Then along came Rogue One. It was a big hit and beloved by millions upon millions of people worldwide (and indeed many people I know personally). What can I say... I hated it.
So I was braced for a disaster when The Last Jedi came along. But it was simply terrific. It gripped me from the first moments when the good guys (the Resistance) are getting their asses kicked in a space battle.
In particular there's a nail-biting sequence as the last of the Resistance bombers — their final hope — get shot to pieces as Paige Tico (Veronica Ngo) pilots it on a suicide mission. I won't tell you what happens...
At the other end of the movie there is a lavishly wonderful ground battle on a snowy* world called Crait where the war machines gouge up streaks of bright red dirt as if the planet itself is bleeding.
So the Last Jedi is visually ravishing, and it's also expertly plotted. Whenever the Resistance seems about to succeed, they get knocked back. This gives the film a dark tone which is deliberately reminiscent of the second instalment of the first trilogy, The Empire Strikes Back (another favourite of mine).
Last Jedi is written and directed by Rian Johnson. Yup, just one name on the screenplay, which is pretty amazing. Johnson has made some notable films, starting with Brick, a Dashiell Hammett style crime story recast as a high school movie which I loved.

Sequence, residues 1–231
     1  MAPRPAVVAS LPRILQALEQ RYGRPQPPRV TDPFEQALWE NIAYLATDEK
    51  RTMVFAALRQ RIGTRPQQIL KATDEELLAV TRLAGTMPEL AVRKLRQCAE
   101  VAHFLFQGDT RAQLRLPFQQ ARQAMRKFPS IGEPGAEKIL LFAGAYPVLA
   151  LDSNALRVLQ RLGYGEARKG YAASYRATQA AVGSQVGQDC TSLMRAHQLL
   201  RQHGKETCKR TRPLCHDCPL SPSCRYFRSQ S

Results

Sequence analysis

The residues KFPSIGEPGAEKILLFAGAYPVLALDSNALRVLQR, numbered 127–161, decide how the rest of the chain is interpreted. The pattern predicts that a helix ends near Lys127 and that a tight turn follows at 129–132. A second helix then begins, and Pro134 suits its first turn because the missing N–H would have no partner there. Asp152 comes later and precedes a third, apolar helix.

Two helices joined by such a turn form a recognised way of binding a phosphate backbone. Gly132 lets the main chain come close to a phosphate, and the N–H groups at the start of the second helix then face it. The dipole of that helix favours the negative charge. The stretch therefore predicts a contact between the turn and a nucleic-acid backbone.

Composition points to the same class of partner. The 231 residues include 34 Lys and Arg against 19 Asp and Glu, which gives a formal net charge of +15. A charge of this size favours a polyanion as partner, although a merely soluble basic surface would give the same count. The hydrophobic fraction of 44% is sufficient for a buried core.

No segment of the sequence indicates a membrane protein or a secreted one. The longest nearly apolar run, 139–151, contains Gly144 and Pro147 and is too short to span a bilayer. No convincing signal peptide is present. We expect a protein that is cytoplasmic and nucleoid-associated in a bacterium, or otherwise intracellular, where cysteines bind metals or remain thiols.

He also wrote and directed the time travel thriller Looper and directed several episodes of the TV series Breaking Bad. Johnson brings a fresh and intriguing sensibility to the Star Wars canon.
The cast of the Last Jedi features some fine performances. I am increasingly impressed with Daisy Ridley now that I've seen the range of her acting (she was excellent in Murder on the Orient Express). Here she continues to light up the screen as Rey, a luscious tomboy with a light sabre.
In Adam Driver (Kylo Ren), the franchise has hit the jackpot in terms of a truly great villain. There is a sequence where Rey and Kylo Ren have a sword fight in a bright red throne room and the place ends up ripped to pieces with burning cinders falling through the air. It's amazing.
But the most surprising performance is from as Mark Hamill as Luke Skywalker. His mature and embittered depiction of Skywalker has real depth.
He's not my favourite character in the movie, though. That honour goes to Benicio Del Toro as DJ, a complex figure — you don't know whether to like him or hate him — and probably the only pragmatist in the entire story.
There also some fun alien animals. You can hardly have missed the cute porgs — big eyed, stubby birds. In one cherishably funny scene they almost convert Chewbacca to vegetarianism.
However, my favourite exo-fauna are the tinkling crystal critters on the planet Crait.
The Last Jedi has its flaws. On second viewing the clumsy dialogue began to grate — is it supposed to be a homage to some of the awful George Lucas writing of yesteryear? If so, it's a miscalculation.
But let's not end on a down note. The Last Jedi is magnificent. And spectacular. And great fun.
Oh, and here are the box office receipts for the three recent Star Wars films. Rogue One is in third place. So there is some justice in the world...
(*Yes, I now know it's not snow on the planet's surface but salt. But I don't give a shit.)
(Image credits: No less than 67 posters to chose from at the indispensable Imp Awards.)